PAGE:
June 3, 2010

The More Things Change, the More they Stay the Same

Googling "umc guaranteed appointment female minority" just now, I came across the most fascinating article that ran in Christian Century in 1979. Titled "UMC’s Women Clergy: Sisterhood and Survival," it was primarily remarkable for how unremarkable it was. If not for the reference to the upcoming 1980 General Conference and the use of the word "retarded" to refer to a special-needs child, the piece could easily have been written this year--more than 30 years later!

There are more female clergy in the UMC today, and more of them are appointed to senior pastorates and large membership churches than in 1979, but the issues they face are all the same. Challenges to advancement. Concerns over acceptance in certain congregations. Lack of support or flexibility in pregnancy and childcare situations.

For our purposes on this blog, as clergy spouses, consider this paragraph:

“Clergy couples” -- with both husband and wife being ordained -- “are beginning to find their label oppressive,” said one workshop participant. It causes them to be regarded as an entity rather than as two pastors, and to be stereotyped as a placement problem. Coordinating the career moves of a couple -- whether they desire to serve a joint pastorate or separate parishes -- can be difficult. But cabinets have been slow to acknowledge the seriousness of the two-career couple problem when one of the members is clergy and one is nonclergy. When both are ministers, the church bears responsibility for placing them both in jobs -- generally within driving distance of their shared parsonage. But when only one partner is ordained, the church has no control over the other partner’s career, and often fails to take it into consideration. The assumption has been that when the minister must move, the spouse must follow. The system worked well for many years with men who had nonworking wives, or wives whose careers as nurses or schoolteachers were regarded as transportable from one town to another. The two-career-couple crunch often forces a wrenching decision: “Which career is more important?” The assumption that the male’s ambitions always take precedence is being questioned, and couples are wrestling with the sacrifices required when career goals conflict.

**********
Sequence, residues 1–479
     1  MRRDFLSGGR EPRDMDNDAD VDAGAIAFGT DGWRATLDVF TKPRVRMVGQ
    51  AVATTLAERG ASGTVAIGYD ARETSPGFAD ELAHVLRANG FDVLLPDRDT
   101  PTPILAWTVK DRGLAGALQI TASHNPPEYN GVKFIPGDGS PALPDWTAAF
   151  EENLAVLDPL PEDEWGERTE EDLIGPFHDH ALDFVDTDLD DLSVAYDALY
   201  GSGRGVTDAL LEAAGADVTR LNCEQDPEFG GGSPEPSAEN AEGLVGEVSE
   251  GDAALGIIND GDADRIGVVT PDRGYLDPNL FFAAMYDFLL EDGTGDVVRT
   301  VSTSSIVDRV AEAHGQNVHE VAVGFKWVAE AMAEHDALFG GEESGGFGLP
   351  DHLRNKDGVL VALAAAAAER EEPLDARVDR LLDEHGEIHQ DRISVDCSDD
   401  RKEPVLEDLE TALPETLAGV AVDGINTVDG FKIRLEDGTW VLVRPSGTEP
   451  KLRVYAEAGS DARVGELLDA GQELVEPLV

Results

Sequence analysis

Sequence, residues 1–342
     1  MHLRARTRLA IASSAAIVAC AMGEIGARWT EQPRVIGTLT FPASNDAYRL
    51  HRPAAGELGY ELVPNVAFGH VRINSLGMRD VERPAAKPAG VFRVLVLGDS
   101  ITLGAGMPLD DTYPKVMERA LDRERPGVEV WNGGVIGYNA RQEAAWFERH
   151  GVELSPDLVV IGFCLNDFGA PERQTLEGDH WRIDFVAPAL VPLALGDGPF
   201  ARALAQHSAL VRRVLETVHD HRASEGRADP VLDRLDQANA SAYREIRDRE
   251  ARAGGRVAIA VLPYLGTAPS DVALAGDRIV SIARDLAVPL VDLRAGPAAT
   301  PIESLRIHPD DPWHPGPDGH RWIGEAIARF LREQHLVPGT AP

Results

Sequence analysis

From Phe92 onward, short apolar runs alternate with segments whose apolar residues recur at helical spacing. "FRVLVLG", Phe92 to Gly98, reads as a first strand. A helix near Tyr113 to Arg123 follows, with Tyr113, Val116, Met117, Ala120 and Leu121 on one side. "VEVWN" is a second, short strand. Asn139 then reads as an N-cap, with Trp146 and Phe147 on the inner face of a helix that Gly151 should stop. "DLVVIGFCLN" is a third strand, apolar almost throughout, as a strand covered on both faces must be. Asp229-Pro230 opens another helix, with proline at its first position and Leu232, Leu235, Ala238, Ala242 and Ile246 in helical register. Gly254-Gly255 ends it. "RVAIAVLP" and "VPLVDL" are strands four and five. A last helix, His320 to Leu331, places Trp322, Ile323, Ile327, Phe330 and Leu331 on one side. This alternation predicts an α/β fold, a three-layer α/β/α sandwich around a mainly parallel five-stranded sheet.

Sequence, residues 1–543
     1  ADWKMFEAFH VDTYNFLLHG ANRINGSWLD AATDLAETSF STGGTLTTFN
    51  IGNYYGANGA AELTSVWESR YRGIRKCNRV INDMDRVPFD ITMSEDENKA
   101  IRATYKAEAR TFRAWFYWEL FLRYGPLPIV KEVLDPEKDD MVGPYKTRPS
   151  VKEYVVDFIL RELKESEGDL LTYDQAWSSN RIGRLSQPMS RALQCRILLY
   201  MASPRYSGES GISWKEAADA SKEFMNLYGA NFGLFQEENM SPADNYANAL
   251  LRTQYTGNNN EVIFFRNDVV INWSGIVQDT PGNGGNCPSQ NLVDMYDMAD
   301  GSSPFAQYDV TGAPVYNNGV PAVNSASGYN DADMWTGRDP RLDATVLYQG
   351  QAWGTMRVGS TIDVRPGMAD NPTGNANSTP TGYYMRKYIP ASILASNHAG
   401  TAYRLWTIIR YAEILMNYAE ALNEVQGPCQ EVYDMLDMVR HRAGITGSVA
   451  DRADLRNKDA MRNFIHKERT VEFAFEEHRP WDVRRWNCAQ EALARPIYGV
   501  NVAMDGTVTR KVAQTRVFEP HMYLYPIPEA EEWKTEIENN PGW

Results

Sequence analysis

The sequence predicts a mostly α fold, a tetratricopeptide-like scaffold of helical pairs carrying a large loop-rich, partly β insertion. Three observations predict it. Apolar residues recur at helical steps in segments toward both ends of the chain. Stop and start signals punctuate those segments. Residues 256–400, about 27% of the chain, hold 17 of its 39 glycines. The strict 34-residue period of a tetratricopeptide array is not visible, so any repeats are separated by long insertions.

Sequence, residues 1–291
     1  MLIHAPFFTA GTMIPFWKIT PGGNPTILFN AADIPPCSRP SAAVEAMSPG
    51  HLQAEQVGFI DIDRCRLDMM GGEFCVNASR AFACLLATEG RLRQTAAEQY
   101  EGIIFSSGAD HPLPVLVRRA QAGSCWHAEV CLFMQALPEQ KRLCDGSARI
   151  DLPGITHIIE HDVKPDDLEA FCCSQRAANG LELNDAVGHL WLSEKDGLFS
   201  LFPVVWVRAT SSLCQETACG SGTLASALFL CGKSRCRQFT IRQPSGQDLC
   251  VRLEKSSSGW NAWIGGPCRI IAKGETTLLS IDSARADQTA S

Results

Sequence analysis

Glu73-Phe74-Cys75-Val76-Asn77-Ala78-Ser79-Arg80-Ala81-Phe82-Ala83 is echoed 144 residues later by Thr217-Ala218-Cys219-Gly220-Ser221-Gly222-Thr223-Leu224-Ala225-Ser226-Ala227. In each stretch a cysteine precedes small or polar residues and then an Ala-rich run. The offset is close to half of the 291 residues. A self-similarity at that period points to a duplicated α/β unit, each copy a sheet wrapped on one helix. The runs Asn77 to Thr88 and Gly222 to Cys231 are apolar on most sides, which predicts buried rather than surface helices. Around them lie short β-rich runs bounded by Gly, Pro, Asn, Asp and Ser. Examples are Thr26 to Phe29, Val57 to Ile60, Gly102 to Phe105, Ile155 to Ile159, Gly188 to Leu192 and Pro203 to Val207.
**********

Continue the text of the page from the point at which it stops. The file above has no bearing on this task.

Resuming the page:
Thirty. Years. And yet so little seems to have changed.


  1. Thanks for posting. Which career is more important? It is a question that I wrestle with daily. I have a great career, and am paid very well. Without my income, we would not be able to support our family. Yet, the institution says that I must go wherever he goes. It has put considerable stress on our relationship. I sometimes wonder if we are the only ones in this position? I secretly wonder if dual career couples choose other denominations.

  2. I imagine many do. Itineracy is built for another time, as the article said, when most pastors' spouses were women who either stayed at home, or were teachers or nurses.

    When my husband was appointed 50 miles from our old church and my job, so many people asked me if I would be quitting my job. I found that so offensive! Why should I give up my career because my husband was "transferred" and in a couple years could be "transferred" right back here?

  3. Thanks for posting Jessica. I too believe itineracy was built for another time. With such a large percentage of people in seminary as second career students, that usually means there is a working spouse behind the scenes. It is good to know there is at least one other person out there!